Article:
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I can still remember picking up my very first Mad Libs book, The Original Mad Libs 1 as a kid and excitedly filling in the blanks. My friends and I would giggle with glee as we read each short story we had created. I would bring them home and get my sister to help me write one. Then we would roar at the craziness of it. After awhile I started to even make up my own stories for her to complete. I wounder if she even remembers that?
Mad Libs is a small workbook. Each page has a short story that is missing key words. You can play the game several ways, but my favorite is to turn the book over so you are seeing a page for the story that only has blanks and word types. It may ask you for a family members name, a state, and noun, a number, a verb, etc.. Once finished filling in the blanks, you turn over the book and use the words you just filled in to complete the story. Because you can't see the story as you are filling in the blanks, you can get some pretty silly stories! You can also do it straight just reading the story and filling in the blanks with the types of words it asks for, but in my opinion that isn't as fun.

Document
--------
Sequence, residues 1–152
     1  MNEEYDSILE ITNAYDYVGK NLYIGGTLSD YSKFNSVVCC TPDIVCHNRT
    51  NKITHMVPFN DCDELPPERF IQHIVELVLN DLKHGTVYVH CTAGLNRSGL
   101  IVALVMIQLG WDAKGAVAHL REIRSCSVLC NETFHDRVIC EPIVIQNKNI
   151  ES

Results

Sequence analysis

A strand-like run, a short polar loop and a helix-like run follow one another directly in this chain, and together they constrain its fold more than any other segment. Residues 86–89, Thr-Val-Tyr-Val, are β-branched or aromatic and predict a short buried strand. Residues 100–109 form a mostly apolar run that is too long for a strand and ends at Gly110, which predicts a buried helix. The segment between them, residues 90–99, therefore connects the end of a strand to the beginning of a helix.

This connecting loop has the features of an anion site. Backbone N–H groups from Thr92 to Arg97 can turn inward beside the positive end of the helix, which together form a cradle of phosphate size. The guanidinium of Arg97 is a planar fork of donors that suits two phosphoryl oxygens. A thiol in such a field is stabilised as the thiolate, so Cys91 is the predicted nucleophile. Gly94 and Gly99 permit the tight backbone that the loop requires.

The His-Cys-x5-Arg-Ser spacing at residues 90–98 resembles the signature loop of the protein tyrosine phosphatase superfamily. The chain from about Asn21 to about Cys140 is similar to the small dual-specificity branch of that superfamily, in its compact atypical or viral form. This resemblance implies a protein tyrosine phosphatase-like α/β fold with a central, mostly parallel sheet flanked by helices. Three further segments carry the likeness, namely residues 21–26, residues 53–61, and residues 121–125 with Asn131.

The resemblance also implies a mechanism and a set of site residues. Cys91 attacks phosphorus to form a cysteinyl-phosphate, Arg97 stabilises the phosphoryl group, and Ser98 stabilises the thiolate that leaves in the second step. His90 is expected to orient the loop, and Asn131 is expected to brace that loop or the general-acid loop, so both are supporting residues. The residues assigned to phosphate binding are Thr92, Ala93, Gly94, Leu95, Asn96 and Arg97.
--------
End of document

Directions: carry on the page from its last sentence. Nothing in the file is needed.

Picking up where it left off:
This past Christmas I gave my two oldest boys their first Mad Libs. I demonstrated how to use them, and stood back to watch. Just as I had remembered my own sister and I having a ball with them, my boys did too. Neither of them enjoy grammar or writing, so this was a great opportunity to get them engaged.
I could hear Perry saying, "give me an adjective".
After a brief pause "furry" was shouted back.
Perry would next ask for an adverb.
"Yeah, you know it describes a verb,"
"Oh right, uh how about quickly?"
As these conversations continued I realized how much this was helping their grammar. I have seen an increased understanding in the definitions of noun, verb, adjective, and adverbs. While they understood them before and could pick them out of the sentence, having to do them in reverse without seeing the rest of the sentence has made them grow in this area. We don't use the Mad Libs as part of our curriculum, but I am so pleased to see my boys reach for them over a video game. I enjoy listening to them read the stories they have created, and I love how it has encouraged them to be more creative in their writing.
Mad Libs now comes in every theme out there! Lego, princess, pirates, ninjas, summer vacations, you name it, they've got it! I am planning to put some more Mad Libs books in the kid's Easter baskets this year! Your kids will love them too! They are great for long road trips, days on the beach, or boring rainy days. Get the whole family involved in the fun! There are so many to choose from! (FYI the pictures are all links too)
Have you ever done a Mad Lib? What did you enjoy about them? What other nostalgic items do your kids enjoy?